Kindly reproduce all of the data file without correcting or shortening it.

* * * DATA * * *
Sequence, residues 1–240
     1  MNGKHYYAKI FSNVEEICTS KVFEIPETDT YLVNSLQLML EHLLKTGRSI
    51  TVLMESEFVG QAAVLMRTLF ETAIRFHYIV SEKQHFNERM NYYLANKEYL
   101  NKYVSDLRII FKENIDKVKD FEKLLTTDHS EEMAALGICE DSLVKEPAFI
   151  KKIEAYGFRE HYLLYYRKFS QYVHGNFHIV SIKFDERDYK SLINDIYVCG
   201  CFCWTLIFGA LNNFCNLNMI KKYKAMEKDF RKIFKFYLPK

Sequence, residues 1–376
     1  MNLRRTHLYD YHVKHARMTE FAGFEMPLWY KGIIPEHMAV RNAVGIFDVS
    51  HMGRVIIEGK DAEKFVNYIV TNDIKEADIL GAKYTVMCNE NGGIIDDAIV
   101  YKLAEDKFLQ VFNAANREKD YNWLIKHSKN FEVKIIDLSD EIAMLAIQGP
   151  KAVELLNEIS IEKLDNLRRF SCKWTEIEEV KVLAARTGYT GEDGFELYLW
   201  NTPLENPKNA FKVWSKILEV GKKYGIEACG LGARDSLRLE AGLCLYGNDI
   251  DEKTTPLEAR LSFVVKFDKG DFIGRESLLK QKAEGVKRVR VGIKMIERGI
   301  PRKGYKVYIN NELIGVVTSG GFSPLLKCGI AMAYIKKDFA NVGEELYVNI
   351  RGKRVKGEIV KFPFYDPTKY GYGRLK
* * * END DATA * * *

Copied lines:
Sequence, residues 1–240
     1  MNGKHYYAKI FSNVEEICTS KVFEIPETDT YLVNSLQLML EHLLKTGRSI
    51  TVLMESEFVG QAAVLMRTLF ETAIRFHYIV SEKQHFNERM NYYLANKEYL
   101  NKYVSDLRII FKENIDKVKD FEKLLTTDHS EEMAALGICE DSLVKEPAFI
   151  KKIEAYGFRE HYLLYYRKFS QYVHGNFHIV SIKFDERDYK SLINDIYVCG
   201  CFCWTLIFGA LNNFCNLNMI KKYKAMEKDF RKIFKFYLPK

Sequence, residues 1–376
     1  MNLRRTHLYD YHVKHARMTE FAGFEMPLWY KGIIPEHMAV RNAVGIFDVS
    51  HMGRVIIEGK DAEKFVNYIV TNDIKEADIL GAKYTVMCNE NGGIIDDAIV
   101  YKLAEDKFLQ VFNAANREKD YNWLIKHSKN FEVKIIDLSD EIAMLAIQGP
   151  KAVELLNEIS IEKLDNLRRF SCKWTEIEEV KVLAARTGYT GEDGFELYLW
   201  NTPLENPKNA FKVWSKILEV GKKYGIEACG LGARDSLRLE AGLCLYGNDI
   251  DEKTTPLEAR LSFVVKFDKG DFIGRESLLK QKAEGVKRVR VGIKMIERGI
   301  PRKGYKVYIN NELIGVVTSG GFSPLLKCGI AMAYIKKDFA NVGEELYVNI
   351  RGKRVKGEIV KFPFYDPTKY GYGRLK